in the 1970s was
fast becoming a polarized political powder keg. On
one side were the traditionalist Irish Catholics,
on the other side were the gays, lesbians and their
sympathizers. This fast became a power struggle that
would have lasting repercussions—repercussions
that started with the nine shots that were unloaded
from the gun of all-American yet disgruntled ex-city
supervisor Dan White into social activist Mayor Moscone
and Harvey Milk, a gay man from the East coast.
The adaptation of the People v. Dan White was captured
through the creative talent of playwright Emily Mann
in her play “Execution of Justice.” Under
the tutelage and insight of guest director Kathleen
Powers, the University of Utah’s Babcock Theatre
presented this heavy drama that not only exploits
injustice in the American court system, but also
illustrates the social injustices that face the country.
The meager sentence of seven years in prison for
two counts of voluntary manslaughter sent San Francisco
ablaze in rioting and violence.
Taking on such an emotionally weighty subject is
an intimidating task, but the succinct and pointed
script, combined with the creative staging, downsized
the difficulty while maintaining the message of the
The story itself works well on the stage, but solely
relying upon this could lead the play into a dry
documentary style rather than a powerful drama.
Through a full-fledged cast of experienced actors
and actresses (most of them being seniors in the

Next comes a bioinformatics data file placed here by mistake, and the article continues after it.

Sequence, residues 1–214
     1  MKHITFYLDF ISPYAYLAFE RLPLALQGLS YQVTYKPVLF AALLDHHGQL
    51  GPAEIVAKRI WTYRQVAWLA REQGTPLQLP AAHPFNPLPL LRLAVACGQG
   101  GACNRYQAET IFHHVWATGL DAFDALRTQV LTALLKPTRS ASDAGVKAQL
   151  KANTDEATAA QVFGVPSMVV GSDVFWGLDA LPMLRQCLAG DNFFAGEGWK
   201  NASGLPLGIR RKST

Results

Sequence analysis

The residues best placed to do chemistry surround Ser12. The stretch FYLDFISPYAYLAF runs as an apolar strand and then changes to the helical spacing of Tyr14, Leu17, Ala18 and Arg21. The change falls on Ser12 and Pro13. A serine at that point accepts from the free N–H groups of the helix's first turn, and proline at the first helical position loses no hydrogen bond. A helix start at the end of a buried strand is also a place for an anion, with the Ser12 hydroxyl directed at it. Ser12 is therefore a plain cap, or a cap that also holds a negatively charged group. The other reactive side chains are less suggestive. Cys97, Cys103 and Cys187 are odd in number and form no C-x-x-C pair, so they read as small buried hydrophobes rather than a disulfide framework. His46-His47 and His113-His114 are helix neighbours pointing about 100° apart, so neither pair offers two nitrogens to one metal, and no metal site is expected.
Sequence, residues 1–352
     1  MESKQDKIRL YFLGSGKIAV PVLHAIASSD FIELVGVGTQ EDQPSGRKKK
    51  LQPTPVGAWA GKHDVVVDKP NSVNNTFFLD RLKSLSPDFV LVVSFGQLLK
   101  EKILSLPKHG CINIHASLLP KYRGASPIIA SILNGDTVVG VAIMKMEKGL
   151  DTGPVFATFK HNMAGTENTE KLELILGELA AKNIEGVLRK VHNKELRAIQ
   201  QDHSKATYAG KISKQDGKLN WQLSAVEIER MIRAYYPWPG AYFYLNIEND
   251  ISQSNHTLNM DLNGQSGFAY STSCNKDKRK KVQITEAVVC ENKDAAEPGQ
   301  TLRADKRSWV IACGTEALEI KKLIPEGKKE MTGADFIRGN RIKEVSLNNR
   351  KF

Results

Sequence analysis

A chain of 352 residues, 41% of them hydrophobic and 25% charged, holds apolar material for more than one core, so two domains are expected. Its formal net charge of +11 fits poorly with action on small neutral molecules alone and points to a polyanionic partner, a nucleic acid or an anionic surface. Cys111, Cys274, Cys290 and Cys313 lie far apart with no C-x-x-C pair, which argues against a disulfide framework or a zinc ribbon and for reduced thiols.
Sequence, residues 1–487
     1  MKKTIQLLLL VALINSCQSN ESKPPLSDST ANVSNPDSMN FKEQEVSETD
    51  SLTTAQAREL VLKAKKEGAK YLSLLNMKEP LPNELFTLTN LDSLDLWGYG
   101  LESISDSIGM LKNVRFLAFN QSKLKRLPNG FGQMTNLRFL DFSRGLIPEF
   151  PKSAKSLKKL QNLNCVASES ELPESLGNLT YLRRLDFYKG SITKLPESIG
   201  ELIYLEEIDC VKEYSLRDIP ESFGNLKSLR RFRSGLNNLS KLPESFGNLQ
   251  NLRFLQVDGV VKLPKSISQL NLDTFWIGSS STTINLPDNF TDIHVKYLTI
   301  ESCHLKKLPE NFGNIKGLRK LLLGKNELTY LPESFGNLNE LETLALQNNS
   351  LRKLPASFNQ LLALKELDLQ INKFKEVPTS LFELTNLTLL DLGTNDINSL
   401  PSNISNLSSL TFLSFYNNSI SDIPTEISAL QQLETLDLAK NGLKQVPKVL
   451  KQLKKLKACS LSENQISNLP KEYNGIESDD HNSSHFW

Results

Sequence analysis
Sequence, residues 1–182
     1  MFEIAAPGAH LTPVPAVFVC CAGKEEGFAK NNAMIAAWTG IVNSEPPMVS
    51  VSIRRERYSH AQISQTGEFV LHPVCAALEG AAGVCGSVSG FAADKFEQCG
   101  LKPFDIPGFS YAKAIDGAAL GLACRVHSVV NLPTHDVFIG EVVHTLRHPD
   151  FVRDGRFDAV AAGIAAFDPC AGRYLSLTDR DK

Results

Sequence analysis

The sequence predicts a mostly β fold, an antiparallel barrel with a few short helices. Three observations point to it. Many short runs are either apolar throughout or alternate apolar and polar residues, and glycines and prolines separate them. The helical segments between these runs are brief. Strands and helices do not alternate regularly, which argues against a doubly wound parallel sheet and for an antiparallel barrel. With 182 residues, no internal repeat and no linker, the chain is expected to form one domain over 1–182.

Actor Training Program), the production brilliantly
captures drama of this historical moment. It is a
rare treat to have a guest director such as Kathleen
Powers at the helm. Her creative direction coupled
with powerful actors provided a show that will have
a great run.
Performances by seniors Josephine Wilson (Thomas
F. Norman, Assistant D.A.) and Jamie Wilcox (Douglas
Schmidt, D.A.) helped propel the dialogue and storyline
forward without relinquishing the slower moments
that give the audience and other actors time to react
to the case being presented. Although there were
a few obvious dropped lines and miscues, they never
detracted from the significance of the story.
Although there were other strong performances by
Jeff Drown (Joseph Frietas, D.A.) and Anna Christiansen
(Gwenn Craig), the portrayal of Dan White by Joey
Dixon was rather unconvincing. Despite his rather
experienced résumé, his short confessional
monologue didn’t gather much sympathy. It seemed
as if he was trying to convince himself of his character’s
This play stands on the forefront of the running
commentary of American social injustice, like Anne
Deveare Smith’s “Twilight” for
example, and should not be neglected.
“Just justice is what we ask.” This statement,
given by D.A. Douglas Schmidt, sums up the irony surrounding
the play and its intense subject matter.
“The Execution of Justice” runs
at the Babcock Theatre through Sunday. Feb. 1,
then Feb. 5 through 8. For more information, call
355-ARTS or the Kingsbury Hall box office at 581-7100.